This week's book giveaway is in the OO, Patterns, UML and Refactoring forum. We're giving away four copies of Refactoring for Software Design Smells: Managing Technical Debt and have Girish Suryanarayana, Ganesh Samarthyam & Tushar Sharma on-line! See this thread for details.
Hi, can someone explain to me what happens with following: byte blue = (byte)0x98; System.out.println("blue: "+ (byte) blue); System.out.println("blue2: "+ ( ((byte) blue) & 0xff)); The print result is -104 The second + 152 Why does the 0xff makes the bytes a unsigned byte ? Can someone tell me an online reference where I can learn more about basic bit and bytes calculation ? Regards, Stefan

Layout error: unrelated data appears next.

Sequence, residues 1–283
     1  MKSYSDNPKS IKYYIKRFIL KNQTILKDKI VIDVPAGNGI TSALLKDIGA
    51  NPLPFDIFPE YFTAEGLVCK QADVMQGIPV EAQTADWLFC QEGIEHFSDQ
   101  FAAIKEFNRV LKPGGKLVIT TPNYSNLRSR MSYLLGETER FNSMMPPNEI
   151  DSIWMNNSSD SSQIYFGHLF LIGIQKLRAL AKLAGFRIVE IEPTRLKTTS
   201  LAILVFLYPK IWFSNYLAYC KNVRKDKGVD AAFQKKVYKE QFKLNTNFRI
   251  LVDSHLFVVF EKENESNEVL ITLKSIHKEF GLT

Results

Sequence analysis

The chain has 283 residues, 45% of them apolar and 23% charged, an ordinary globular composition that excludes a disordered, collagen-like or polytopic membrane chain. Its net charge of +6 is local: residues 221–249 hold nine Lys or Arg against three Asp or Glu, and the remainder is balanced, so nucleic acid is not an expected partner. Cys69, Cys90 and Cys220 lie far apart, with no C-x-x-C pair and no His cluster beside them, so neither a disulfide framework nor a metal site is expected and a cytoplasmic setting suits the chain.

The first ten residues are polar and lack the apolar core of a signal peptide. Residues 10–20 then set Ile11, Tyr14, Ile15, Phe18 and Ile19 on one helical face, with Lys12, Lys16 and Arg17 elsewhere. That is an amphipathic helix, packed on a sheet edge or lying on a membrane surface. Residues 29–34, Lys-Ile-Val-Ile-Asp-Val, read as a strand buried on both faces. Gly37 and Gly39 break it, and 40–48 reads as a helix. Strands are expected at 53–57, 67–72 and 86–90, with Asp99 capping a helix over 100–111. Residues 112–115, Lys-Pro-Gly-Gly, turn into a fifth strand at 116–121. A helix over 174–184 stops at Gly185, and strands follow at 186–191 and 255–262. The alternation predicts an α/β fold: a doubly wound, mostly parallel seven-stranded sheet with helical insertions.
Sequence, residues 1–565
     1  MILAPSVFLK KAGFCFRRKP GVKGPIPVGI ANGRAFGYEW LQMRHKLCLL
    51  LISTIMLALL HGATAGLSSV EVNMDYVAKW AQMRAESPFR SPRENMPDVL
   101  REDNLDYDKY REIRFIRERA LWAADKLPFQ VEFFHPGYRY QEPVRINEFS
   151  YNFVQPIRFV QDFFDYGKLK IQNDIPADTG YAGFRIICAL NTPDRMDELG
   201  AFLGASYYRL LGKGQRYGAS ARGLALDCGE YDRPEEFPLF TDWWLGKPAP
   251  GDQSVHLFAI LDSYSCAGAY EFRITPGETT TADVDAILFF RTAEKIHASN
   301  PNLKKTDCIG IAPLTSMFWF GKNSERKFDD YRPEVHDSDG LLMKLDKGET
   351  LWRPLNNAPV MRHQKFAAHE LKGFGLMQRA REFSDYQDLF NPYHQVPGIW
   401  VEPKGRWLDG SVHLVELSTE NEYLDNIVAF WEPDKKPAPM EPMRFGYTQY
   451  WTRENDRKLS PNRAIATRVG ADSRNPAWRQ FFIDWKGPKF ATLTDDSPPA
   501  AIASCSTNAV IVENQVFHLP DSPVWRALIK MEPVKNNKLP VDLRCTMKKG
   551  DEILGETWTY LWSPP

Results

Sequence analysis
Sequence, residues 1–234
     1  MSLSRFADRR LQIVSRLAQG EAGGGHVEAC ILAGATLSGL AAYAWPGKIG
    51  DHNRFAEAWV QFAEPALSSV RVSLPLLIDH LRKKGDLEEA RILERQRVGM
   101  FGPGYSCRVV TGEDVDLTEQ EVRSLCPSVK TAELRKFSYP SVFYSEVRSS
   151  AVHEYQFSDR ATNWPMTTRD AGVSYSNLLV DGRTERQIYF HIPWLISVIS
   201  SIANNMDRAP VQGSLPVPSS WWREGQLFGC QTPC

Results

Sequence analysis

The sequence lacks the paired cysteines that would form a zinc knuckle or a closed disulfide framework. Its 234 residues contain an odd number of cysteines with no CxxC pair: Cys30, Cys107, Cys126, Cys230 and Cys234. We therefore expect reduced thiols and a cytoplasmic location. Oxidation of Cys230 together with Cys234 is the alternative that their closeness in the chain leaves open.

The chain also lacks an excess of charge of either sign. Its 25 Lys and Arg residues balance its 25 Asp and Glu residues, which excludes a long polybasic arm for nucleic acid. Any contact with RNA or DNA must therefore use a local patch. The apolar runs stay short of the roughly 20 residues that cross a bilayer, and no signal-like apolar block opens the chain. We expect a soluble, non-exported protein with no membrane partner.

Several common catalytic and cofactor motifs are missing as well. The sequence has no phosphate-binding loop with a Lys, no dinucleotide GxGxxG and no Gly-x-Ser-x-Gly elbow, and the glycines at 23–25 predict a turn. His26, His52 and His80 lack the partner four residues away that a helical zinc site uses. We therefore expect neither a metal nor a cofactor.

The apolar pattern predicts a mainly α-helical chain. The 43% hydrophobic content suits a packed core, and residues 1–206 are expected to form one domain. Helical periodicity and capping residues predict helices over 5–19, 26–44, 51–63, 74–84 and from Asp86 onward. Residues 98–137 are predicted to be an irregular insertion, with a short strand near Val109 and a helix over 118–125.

Just in case the reasoning behind why the result was positive isn't quite yet clear... Note that when you cast the int result to a byte, the high-order (left-most) bits were lost. The left-most bit specifies whether the integral value is positive or negative. For further example, the int value 129 in bits is 0000 0000 0000 0000 0000 0000 1000 0001 If this int value were cast to a byte, the result would be to chop of (and feed to the cat - see Cat and Mouse Games with Bits) the left-most bits 1000 0001 which is -127. I haven't yet compiled a list of easy-to-read-and-understand explanations on bit manipulations (aside from the aforementioned campfire story). In the past, I've had success finding decent explanations by searching on Google. Good Luck.